The Roux House on Third Street has been a supporter of Mayor Holden’s Bond Proposal and has displayed a “Vote Yes” banner for quite some time. Apparently this exercise of free speech by the owners of the Roux House offended the sensibilities of off-duty BRPD officer Robert Moruzzi. He finally had to take action…
While the investigation into Officer Moruzzi’s antics is still on-going, the facts as currently reported are as follows:
1) While off-duty, Moruzzi decided that the “Vote Yes” banner at the Roux House presented a political opinion different than his own and must be stopped. He promptly began to tear it down.
2. An unidentified manager of the Roux House told Officer Moruzzi to cease and desist. Apparently, Moruzzi is used to giving orders rather than taking them and ignored the request.
3. Seeking to protect the restaurant’s property from damage, the manager forced Moruzzi away from the sign, causing the badly-behaving Law Enforcement Officer to fall to the ground.
4. Officer Moruzzi regained his feet and promptly started punching the manager in the face and threatening to kill him. After about five blows, the manager struck back.
5. At this affront to his perceived authority, Moruzzi drew a concealed firearm from his waistband and identified himself as a police officer.
6. After realizing the game of political vandalism, intimidation, and battery had just gone to the next level, one of Moruzzi’s more level-headed companions quickly disarmed him. The weapon was retrieved by a bystander and on-duty BRPD officers arrived at the scene to defuse the situation.
By my estimation, Moruzzi engaged in simple criminal damage to property, simple battery, aggravated assault, and likely violated a slew of BRPD internal regulations. According to news reports, the incident was caught on a BRPD crime camera, so these facts should be fairly easy to confirm. Once determined, I hope the full force of the law is applied against Moruzzi. Police officers are among our most trusted public servants; most citizens willingly defer to their instruction without question. It is absolutely unacceptable for a police officer to behave this poorly, even while off duty.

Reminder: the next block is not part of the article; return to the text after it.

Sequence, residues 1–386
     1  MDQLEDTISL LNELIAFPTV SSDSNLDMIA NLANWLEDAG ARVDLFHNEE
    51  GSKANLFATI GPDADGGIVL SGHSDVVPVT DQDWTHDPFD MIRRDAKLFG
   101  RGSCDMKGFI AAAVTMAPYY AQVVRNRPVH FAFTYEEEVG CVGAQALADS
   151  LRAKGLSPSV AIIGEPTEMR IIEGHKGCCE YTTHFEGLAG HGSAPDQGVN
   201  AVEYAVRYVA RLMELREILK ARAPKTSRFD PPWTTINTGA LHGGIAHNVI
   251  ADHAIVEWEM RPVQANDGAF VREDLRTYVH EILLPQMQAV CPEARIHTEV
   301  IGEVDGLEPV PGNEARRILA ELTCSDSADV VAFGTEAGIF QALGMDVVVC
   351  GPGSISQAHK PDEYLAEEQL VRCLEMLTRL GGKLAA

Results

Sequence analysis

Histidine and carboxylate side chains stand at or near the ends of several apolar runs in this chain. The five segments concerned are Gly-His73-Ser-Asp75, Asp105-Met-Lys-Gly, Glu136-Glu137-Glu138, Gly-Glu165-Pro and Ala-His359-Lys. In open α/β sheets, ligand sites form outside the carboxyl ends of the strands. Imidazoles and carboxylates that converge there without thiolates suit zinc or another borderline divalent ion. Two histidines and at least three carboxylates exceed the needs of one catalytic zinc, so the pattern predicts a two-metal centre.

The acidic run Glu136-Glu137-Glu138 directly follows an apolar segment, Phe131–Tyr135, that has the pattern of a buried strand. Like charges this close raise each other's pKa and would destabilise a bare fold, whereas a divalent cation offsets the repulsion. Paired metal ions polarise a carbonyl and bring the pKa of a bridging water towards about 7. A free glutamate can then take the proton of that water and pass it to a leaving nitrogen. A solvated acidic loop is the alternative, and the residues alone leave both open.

Honestly, it doesn’t surprise me that this kind of violent abuse of power and authority was perpetrated by an individual apparently aligned with or sympathetic to the anti-bond crowd. Before everyone gets up and arms and takes my words out of context, I’m not saying that everyone who votes against the bond proposal is a violent neanderthal incapable of participating at a mature level in the US political process.
What I am saying is that an undue reliance on outrage and anger, while fantastically effective in motivating a disaffected base, has very real consequences. They’ve manifested here. Really, there’s only so much promotion and acceptance of fear and intimidation that can be done before the pot boils over. Our local newspaper even has an editorial devoted to this issue today.
It’s long past time for the leadership and figureheads of these organizations and movements to accept responsibility for the actions of their followers. Many will attempt to avoid responsibility and wave inconvenient actions away as “the will of the people”. I think we all know that this supposed “will” is often controlled by what these troubled individuals see and hear. It certainly was in the case of Jim David Adkisson, convicted murderer of members of a Unitarian Universalist Church, a denomination largely noted for its devotion to non-violence, in Tennesse in 2008. According to his post-arrest interrogation, he murdered these people because of his hatred of Democrats, liberals, African Americans, and homosexuals. His personal library contained such noted luminairies as Mike Savage, Sean Hannity, and Bill O’Reilly.